Push Korean studies overseas, scholars say

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Push Korean studies overseas, scholars say

For more than a decade, the Korean government has been trying to pump up the country’s profile. One strategy it employed was to support Korean studies programs overseas.
During a two-day conference last week, the Korea Foundation, a government agency at the forefront of the publicity drive, focused on the theme of “public diplomacy” as the ideal way to achieve the foundation’s long-term goals. A group of professors, researchers and past fellows of the organization met in the foundation’s conference room to discuss and evaluate their work over the past 15 years.
During the afternoon session last Monday, James Lewis, professor and director of the Korean Studies program at Oxford University, stressed the need for the government and Korean businesses to support overseas programs for students in foreign universities and to expand internship opportunities in Korea to raise Korea’s world profile.
“I think that ‘public diplomacy’ is about the education of other people’s children, foreign children, and I know something about this,” Mr. Lewis said. “Any normal Korean person would ask: ‘Why should I bother with them? My own children’s education is difficult enough.’ The reason is because the greatest problem facing Korea abroad is not whose land is Dokdo or whether the Doha Round will damage Korean agriculture... The greatest problem facing Korea abroad today is its low profile.” Mr. Lewis stressed how difficult it is for Korean studies programs to survive in overseas universities.
In Europe, he said, many Asian studies programs closed after suffering major budget cutbacks. Korean studies was dropped at the University of Tubingen in spring 2004. Durham University shut down its entire East Asian studies program in 2003; Newcastle University ended its Korean language instruction course in 2004.
Niu Linjie, dean of the College of Korean Studies at Shandong University in China, provided an overview of research projects related to Korean studies in China from 2001 to 2005.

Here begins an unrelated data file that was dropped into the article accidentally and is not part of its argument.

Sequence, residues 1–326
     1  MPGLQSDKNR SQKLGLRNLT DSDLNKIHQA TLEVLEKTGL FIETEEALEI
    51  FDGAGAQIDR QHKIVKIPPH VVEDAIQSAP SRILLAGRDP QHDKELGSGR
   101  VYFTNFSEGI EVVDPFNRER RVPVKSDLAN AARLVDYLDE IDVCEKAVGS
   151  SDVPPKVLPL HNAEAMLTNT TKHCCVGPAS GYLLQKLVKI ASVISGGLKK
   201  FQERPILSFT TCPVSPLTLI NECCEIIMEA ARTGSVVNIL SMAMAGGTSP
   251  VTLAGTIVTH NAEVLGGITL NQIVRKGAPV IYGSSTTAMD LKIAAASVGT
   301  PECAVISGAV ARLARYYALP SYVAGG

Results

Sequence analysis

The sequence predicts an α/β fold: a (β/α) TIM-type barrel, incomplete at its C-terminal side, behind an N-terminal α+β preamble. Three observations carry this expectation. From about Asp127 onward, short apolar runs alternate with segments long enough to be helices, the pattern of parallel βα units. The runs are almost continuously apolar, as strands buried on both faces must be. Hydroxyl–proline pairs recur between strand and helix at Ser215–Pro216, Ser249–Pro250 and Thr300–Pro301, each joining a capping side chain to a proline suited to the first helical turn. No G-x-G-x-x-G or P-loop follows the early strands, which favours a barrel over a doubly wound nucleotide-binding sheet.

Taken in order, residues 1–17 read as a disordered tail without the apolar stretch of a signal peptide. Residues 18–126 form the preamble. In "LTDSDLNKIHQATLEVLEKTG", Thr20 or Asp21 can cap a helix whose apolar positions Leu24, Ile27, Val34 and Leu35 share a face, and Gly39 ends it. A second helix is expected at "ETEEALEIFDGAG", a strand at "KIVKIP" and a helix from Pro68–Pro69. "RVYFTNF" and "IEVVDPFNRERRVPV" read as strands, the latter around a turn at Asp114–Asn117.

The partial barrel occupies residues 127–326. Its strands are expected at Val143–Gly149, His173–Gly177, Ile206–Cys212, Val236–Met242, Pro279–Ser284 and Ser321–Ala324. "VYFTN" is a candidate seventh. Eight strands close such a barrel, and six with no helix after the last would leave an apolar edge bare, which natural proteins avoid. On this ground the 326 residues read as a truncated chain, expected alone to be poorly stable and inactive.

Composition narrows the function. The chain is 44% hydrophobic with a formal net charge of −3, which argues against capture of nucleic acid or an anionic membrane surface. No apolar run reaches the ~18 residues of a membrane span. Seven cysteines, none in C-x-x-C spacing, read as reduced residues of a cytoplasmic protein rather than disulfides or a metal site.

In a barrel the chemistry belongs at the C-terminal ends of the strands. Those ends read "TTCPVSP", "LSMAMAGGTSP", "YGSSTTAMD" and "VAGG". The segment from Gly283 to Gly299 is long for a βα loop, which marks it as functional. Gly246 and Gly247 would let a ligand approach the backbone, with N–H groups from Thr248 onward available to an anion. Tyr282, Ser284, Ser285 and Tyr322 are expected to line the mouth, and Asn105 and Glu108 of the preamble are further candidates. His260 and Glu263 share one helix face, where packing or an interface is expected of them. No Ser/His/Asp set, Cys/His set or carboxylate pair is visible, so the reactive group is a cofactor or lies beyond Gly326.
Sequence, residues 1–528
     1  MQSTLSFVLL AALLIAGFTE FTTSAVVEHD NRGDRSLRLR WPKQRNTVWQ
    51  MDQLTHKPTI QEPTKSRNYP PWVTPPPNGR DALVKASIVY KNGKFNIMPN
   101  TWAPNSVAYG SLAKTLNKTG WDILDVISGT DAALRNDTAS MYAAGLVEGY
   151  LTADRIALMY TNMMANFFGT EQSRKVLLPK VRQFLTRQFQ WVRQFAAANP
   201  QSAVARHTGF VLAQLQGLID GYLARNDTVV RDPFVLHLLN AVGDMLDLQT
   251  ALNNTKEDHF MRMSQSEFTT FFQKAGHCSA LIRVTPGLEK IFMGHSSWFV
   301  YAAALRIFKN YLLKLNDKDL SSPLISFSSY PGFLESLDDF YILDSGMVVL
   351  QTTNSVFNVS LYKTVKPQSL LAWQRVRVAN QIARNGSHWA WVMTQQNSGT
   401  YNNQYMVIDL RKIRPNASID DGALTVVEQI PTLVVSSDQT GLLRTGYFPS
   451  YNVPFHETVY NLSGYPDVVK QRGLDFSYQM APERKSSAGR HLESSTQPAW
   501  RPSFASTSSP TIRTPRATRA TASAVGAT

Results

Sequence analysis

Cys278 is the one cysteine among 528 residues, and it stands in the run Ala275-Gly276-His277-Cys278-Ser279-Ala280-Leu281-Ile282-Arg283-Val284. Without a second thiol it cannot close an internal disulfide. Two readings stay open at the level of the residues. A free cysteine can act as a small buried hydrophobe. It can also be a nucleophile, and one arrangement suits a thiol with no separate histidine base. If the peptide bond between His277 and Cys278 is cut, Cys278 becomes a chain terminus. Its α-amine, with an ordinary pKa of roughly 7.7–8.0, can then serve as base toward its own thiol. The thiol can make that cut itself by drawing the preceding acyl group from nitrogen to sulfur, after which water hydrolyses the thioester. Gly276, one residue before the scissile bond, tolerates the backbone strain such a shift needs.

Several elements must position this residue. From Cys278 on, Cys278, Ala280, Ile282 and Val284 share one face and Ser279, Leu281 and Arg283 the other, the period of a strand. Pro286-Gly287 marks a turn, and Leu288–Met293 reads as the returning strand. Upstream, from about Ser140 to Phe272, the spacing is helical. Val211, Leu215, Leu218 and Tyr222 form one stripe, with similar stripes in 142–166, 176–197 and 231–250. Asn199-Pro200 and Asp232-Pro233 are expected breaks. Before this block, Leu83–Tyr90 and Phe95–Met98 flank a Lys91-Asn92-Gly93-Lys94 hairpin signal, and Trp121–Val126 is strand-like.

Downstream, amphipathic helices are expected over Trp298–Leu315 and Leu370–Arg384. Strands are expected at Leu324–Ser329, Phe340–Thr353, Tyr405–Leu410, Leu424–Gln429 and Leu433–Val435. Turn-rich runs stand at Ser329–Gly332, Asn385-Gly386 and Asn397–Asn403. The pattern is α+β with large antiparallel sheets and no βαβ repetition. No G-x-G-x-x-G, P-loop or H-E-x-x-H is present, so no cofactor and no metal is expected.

“There are over 1,000 papers written about Korea that had been published in China over those five years,” Mr. Niu said. “In the Chinese academic sphere, this is a surprising accomplishment.”
Jo Hang-rok, president of the International Association for Korean Language Education, stressed the need for overseas Korean language education programs; Paik Hak-soon, director of the Sejong Institute, talked about support for think-tanks and forums. “Providing Korean language education is one of the most efficient strategies for promoting Korea in the international community,” Mr. Jo said. “Yet it’s been less than 10 years since the government started paying attention to the need to educate more non-Koreans abroad.”
In Korea, the first Korean class for foreigners was set up in 1959 at Yonsei University, according to Mr. Jo’s report. Prior to that, a Korean studies department was first set up at the Tokyo Foreign Language School in 1880; in 1897, Korean language classes were offered at the University of St. Petersburg.
Chung Hyung-min, director of Seoul the National University Museum of Art, said that since the foundation’s start, it has funded a total of 15 rooms featuring Korean art set up in overseas museums.
“It’s important to organize shows in overseas museums that put together an overview of Korean art divided into genres,” Ms. Chung said. “But they could also create an impression that they are simply promoting the national image. To avoid that, we need to support art shows that are more specific and delve into special periods.”

by Park Soo-mee
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